How to Create an Easy DIY Fairy Pond with Floating Candles
It’s time for this month’s Farmhouse Hens collaboration, this month were all creating centerpieces. My contribution is an easy DIY fairy pond centerpiece, my friend’s wonderful posts are located at the end of mine.
This fairy pond centerpiece is made with some extra precautions due to the floating candles. If you don’t plan on having floating candles it will still be pretty, but not quite as dramatic.
Supplies for making an Easy Fairy Pond
To make your own pond you will need a miniature fairy hut
Large round galvanized container
Assorted faux greenery
Large food can
Green electrical tape and florist tape
Green paint and brush (optional)
Hot glue gun and glue
Small artificial succulents, and rocks embellishments
Homemade or purchased twig fairy fence
Twigs and florist wire.
Floating candles (optional)
Fairy Pond Tutorial
I purchased the smallest floating candles I could find and the first thing I did was test how much water they needed to float. Thankfully two inches of water was adequate.
I then chose a galvanized dish that was deeper than two inches, and about 16 inches wide.
The faux greenery especially the moss can be a fire hazard, so don’t ever leave the lit candles unattended.
To keep the moss and fairy hut away from flame put the hut on a higher elevation so that moss isn’t near the open flame of the candle. You can use whatever you have handy that is nonflammable. I used an empty and cleaned large tin can.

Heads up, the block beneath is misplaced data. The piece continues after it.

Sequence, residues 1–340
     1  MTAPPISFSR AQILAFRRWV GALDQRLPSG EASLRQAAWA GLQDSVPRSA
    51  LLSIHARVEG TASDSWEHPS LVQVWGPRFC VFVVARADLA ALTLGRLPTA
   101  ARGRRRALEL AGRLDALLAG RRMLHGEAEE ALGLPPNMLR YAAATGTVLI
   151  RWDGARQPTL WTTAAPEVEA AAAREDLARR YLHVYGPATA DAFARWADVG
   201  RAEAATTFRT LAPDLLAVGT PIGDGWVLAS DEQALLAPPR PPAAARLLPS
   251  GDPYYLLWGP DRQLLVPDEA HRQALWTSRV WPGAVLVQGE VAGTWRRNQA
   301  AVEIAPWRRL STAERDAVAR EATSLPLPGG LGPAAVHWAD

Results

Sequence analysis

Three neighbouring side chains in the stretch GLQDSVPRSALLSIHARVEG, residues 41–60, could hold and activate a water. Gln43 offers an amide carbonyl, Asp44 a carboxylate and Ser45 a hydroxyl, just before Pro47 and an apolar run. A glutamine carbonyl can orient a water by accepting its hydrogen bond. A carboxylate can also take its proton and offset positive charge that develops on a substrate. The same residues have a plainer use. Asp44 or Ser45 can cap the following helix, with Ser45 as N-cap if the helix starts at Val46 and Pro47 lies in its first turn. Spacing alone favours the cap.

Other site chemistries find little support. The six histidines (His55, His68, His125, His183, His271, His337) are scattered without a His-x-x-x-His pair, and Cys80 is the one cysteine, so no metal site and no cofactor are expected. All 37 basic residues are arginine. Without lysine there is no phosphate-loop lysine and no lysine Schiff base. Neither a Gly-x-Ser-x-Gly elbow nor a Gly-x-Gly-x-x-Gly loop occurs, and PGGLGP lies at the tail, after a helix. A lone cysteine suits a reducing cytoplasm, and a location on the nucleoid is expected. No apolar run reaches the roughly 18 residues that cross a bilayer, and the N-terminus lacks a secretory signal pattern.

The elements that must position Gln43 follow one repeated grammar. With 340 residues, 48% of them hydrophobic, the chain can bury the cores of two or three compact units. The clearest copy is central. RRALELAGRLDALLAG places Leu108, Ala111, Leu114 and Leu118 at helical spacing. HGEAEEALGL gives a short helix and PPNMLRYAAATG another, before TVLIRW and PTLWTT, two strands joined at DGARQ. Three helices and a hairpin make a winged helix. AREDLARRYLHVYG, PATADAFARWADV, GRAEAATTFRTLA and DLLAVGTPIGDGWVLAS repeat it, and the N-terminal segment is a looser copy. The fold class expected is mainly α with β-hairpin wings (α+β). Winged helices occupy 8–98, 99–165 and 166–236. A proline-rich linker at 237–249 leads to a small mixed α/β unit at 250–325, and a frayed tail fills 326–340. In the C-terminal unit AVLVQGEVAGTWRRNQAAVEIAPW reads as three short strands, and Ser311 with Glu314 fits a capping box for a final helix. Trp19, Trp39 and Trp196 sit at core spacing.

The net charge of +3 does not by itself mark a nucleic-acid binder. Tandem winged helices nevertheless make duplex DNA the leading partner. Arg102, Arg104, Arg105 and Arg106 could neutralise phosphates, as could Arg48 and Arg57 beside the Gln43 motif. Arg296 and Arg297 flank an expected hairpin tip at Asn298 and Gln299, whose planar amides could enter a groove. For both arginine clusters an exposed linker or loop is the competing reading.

To prepare the large tin can stand start by removing the label and washing it thoroughly. Place it in your container and make a mark to ensure the can will be higher than the galvanized container.
Wearing gloves car and tin snips carefully cut the can to the right height. Careful not to get cut.
Once cut wrap a bit of electrical tape around the bottom of the can to cover the sharp edge.
Attach the end of a piece of green florist tape to the bottom of the can using hot glue, then wrap the florist tape around the can until its covered. Alternatively, paint the can green and let dry.
Place the covered can towards the back side of the galvanized container, then using a hot glue gun take one large faux lilypad leaf and glue along the remaining back portion of the galvanized dish. Doing this creates a barrier to prevent the candles from floating right against the fairy house. Using hot glue attach the sides of the large leaf to the front of the tin can, and to the side of the galvanized container.
Next balance your fairy house towards the back of the centerpiece. Apply lots of hot glue to the top of the tin can before placing the fairy hut on top and press down firmly. Hold until the fairy hut stays in place.
On the other side of the fairy hut, add faux succulents, start by gluing one to the tin can and to the galvanized edging. You need to glue them in place as they are light enough to float on the water.
I added a twig fence that made a couple of years ago. To make the fence gather small twigs, cut each twig to two-inch lengths. Cut two longer twigs and using florist wire wrap each small twig to the larger cross piece branches. Don’t worry if it’s haphazard looking, that just adds to the charm.
Finish the arrangement by adding some little bits of greenery to cover any areas that have metal or bare wood showing.
Finally, take something that is a little bit taller than the underside of your galvanized tin and use it to tilt your container a little bit away from the fairy hut. I used some florists foam for mine.
You don’t need to use the florists’ foam if you’re not using candles.
The heat of the burning candles does make them move around a little bit. Its pretty to sit and watch the candles, which I did for about half an hour. Because the fairy pond is tilted away from the fairy hut the candles never got near to my hut. Under no circumstances would I or should you leave it unattended. Just like any real candle its never a good idea to walk away and leave them.